Money market funds rely on diversification, high credit quality and short-term exposures to maintain their steady $1 per share value. They offer no guarantee, yet they have been consistently successful at managing their risk. Since their introduction in the 1970s, only two funds have had their share values drop below $1; one in 1994 due to large holdings in unconventional investments and one in 2008 due to a large holding of Lehman Brothers debt.

While a loss is theoretically possible, money market funds have historically been and continue to be a safe alternative to bank savings accounts. They offer an opportunity to earn a bit of better return on your money without giving up flexibility. The value of your investment there will not be impacted by anything that happens in the stock market. So you can rest assured your money will be there when you need it.

Photo by Alexandra Gorn on Unsplash


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For a comprehensive, step-by-step guide to building your own financial plan, pick up my award winning book, Save Yourself; Your Guide to Saving for Retirement and Building Financial Security.  It is available on Amazon.

Three Simple Truths About Investing

If you are saving for retirement, or any other long-term goal, how you invest your money is an important piece of achieving that goal. Many of the folks I’ve spoken with are not investing their savings well, or even at all, meaning they may be earning interest but little else. Some even say they haven’t been saving because they don’t know how to invest their money.

I get it. The vast majority of people have no education in investing, and, while there is lots of information about it on the internet, it is really hard to know what to trust. Advice and information can be conflicting. If the bulk of your savings is in your retirement account, it can be hard to get help from an adviser, who generally will require a large minimum investment amount to take you on as a client.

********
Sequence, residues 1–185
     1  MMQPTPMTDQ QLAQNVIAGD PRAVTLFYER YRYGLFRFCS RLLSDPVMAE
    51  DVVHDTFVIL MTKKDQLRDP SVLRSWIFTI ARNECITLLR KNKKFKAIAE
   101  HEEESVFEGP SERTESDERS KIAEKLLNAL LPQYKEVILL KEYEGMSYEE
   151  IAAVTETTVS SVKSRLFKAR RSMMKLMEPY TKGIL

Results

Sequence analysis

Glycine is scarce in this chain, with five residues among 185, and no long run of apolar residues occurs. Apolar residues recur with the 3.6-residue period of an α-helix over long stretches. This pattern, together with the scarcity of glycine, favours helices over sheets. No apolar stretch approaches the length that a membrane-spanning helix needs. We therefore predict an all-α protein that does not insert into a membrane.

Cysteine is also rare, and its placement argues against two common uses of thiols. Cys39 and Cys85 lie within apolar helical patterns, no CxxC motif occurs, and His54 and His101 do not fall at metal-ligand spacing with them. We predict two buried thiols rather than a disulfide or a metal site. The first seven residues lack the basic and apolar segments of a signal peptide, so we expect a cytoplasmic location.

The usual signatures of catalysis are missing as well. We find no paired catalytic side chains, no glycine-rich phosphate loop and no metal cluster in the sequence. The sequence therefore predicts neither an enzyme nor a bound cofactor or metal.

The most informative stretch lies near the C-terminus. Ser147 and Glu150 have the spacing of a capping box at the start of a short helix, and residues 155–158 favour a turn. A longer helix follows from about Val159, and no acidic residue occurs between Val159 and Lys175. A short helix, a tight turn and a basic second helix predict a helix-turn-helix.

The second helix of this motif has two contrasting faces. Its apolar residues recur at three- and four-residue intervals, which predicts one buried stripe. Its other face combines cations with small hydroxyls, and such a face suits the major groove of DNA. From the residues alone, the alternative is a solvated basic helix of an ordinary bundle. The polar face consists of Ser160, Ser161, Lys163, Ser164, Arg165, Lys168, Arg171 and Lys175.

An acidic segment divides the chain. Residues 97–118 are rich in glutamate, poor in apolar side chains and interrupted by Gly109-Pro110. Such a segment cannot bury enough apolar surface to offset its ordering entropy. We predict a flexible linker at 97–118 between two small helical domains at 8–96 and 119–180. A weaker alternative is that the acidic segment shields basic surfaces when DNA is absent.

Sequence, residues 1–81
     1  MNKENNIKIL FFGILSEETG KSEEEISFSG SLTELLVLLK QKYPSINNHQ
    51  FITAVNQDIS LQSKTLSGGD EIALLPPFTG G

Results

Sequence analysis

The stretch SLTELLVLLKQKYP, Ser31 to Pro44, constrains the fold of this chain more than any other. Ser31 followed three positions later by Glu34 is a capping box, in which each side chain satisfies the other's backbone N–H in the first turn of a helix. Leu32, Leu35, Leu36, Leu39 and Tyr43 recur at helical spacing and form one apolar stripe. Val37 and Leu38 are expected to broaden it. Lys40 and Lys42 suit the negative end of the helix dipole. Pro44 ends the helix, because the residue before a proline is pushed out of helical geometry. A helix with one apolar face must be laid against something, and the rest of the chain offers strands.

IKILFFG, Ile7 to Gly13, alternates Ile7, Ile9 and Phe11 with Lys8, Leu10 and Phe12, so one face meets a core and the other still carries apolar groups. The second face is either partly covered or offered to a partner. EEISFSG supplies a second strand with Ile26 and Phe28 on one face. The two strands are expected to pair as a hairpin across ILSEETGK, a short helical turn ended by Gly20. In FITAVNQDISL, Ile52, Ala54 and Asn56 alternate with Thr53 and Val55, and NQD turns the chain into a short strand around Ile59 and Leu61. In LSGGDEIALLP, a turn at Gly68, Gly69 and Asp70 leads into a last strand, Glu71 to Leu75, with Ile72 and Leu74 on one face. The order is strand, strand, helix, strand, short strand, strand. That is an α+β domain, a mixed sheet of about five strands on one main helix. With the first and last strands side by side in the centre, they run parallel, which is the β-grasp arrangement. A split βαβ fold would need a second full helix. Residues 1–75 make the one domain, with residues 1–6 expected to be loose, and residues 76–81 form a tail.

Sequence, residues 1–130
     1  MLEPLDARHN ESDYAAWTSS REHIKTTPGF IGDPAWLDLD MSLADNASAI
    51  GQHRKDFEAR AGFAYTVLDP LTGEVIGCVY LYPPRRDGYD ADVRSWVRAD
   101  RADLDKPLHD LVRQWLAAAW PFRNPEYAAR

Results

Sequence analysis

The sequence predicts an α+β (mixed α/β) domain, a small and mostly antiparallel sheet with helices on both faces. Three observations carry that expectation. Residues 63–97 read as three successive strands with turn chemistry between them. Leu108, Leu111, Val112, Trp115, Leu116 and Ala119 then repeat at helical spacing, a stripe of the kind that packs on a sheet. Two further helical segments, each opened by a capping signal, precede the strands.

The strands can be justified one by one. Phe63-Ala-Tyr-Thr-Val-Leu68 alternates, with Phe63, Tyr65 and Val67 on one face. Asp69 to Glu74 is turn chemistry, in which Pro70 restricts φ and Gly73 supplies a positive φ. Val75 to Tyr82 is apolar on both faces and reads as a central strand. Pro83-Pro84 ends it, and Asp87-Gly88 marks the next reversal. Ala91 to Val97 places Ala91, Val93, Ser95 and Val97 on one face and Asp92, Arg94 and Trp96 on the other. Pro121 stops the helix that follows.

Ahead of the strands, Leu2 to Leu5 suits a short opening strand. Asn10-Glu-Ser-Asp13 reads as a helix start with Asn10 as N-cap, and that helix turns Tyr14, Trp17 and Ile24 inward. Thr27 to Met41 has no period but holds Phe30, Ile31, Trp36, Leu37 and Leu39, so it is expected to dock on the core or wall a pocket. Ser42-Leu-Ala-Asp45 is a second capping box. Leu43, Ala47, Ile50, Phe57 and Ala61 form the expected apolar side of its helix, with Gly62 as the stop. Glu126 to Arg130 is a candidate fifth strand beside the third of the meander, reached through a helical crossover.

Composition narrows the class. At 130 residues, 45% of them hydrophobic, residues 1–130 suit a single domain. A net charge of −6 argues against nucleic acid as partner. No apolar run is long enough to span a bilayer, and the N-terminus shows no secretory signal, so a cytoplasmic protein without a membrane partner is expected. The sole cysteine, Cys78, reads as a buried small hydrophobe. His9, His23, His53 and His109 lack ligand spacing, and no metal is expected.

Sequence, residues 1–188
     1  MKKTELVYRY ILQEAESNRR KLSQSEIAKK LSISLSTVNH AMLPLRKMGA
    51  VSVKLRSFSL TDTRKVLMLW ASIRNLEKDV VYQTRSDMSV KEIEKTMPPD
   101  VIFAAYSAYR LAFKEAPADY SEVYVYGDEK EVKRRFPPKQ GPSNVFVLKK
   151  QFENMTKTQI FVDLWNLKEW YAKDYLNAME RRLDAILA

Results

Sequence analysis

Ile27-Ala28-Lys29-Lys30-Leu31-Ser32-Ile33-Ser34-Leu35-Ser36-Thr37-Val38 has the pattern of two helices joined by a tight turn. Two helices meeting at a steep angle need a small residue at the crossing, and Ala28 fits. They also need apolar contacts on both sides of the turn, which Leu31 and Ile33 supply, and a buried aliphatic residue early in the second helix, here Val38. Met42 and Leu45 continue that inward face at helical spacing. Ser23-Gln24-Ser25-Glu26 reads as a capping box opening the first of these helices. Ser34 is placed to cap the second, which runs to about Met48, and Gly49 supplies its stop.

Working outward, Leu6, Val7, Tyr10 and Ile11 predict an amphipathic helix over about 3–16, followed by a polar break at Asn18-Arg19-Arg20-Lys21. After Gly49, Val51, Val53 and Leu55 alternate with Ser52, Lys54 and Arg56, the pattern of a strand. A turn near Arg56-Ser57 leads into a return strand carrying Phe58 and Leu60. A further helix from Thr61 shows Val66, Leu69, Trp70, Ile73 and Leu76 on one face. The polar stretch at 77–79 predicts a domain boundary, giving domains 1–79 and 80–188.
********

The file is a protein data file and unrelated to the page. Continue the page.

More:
But while the thought of risking your hard fought savings in any investment can give you a case of anxiety, here are three truths to keep in mind that can help calm your nerves.

  1. You don’t have to get everything, or even anything perfectly right. Good is really good enough, and frankly there isn’t any strategy that is perfect. The investment market values are the culmination of every investor’s opinion about what will happen in the future, and no one actually knows that. Successful investors hold a variety of investments knowing some will be better than others, but not knowing which is which over any short time frame.
  2. Timing is nothing. The perfect time to invest your long term savings is today. No it doesn’t matter if the market is overvalued, interest rates are too low, or if a recession is on the way. First there is no sure way to know that any of this is true. And second, it won’t be the last investment you make. You’ll be saving for a long time, and you’ll be investing in all types of markets. Third, ten, fifteen or twenty years from now there is a high probability your investments will be worth more than they are now. Time is on your side, and the market has never failed to recover from a downturn.